As the title would suggest, this run celebrates the trio's - Andy Cairns (vocals, guitar), Michael McKeegan (bass) and Neil Cooper (drums) - now thirty-plus year existence, and as gigs go, this one had the sense of having something in the air. The hometown show is always a special one, but as the lights dropped and the sold out crowd surged towards the stage to the opening bars of 'Nausea' from 1992's debut 'Nurse', it was clear that the stage was set for an epic evening.
Addressing the crowd, a clearly elated Cairns said; "Thank you Belfast, its great to be back!"
Although Therapy? know a thing or two about making a ruckus, the crowd were as loud as the band, singing every word, moshing, pogoing and being generally frantic, in the best possible way.
After the frenzied opening there was no time wasted, or time to get your breath as 'Stories' from 1995's 'Infernal Love' blasted forth; its infectious riff being sung right back at the band, in unison.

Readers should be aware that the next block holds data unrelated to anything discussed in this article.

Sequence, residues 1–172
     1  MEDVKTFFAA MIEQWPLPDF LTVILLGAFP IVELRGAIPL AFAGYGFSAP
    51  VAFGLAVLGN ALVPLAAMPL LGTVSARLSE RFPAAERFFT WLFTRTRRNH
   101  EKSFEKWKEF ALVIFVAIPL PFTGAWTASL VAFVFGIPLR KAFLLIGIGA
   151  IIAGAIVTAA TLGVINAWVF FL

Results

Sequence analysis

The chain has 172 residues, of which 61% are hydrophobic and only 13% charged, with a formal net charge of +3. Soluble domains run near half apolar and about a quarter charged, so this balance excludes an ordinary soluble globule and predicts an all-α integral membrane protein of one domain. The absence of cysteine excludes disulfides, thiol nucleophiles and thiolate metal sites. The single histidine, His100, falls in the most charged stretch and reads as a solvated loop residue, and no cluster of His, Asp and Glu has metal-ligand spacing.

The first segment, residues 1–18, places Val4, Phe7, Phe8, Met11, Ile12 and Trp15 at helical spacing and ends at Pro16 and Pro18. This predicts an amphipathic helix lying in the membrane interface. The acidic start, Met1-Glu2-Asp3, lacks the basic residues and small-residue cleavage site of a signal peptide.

Bringing things right up to date with a sure to be a future anthem with its' "its ok not to be ok" chorus, 'Kaktistocracy' reminded everyone that although looking back, Therapy? are not a band reliant simply on nostalgia.
Taking a moment to remember a fallen friend meanwhile, Cairns said; "We want to dedicate this next song to someone who we met many times on the road, Taylor Hawkins", ahead of a poignant 'Die Laughing'.
Balancing the remainder of the set across all eras, 'Troublegum's 'Turn' gave way to modern classics 'Callow', and 'Still Hurts' before closing out the first set with the anthemic 'Teethgrinder'.
After a moment or two the band returned to the stage for a not so much singalong, rather a roaralong to 'Knives', followed by 'Potato Junkie', with the crowd shouting its' infamous expletive-ridden refrain.
Taking their bows, Northern Ireland's favourite alt-metal sons closed out the encore with their cover of Joy Division's 'Isolation', and a few bars of Judas Priest's 'Breaking the Law' for good measure, before ending the night with the landmark singles 'Nowhere' and 'Screamager'.
A high-energy, loud as hell night in Belfast, it truly was the church of noise for one evening anyway.